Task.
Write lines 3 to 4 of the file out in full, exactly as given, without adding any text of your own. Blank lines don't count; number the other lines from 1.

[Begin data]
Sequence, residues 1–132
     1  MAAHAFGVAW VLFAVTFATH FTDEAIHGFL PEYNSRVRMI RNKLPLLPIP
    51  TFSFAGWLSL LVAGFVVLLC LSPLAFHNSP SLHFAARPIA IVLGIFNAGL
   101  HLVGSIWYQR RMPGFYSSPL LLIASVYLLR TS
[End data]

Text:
    51  TFSFAGWLSL LVAGFVVLLC LSPLAFHNSP SLHFAARPIA IVLGIFNAGL
   101  HLVGSIWYQR RMPGFYSSPL LLIASVYLLR TS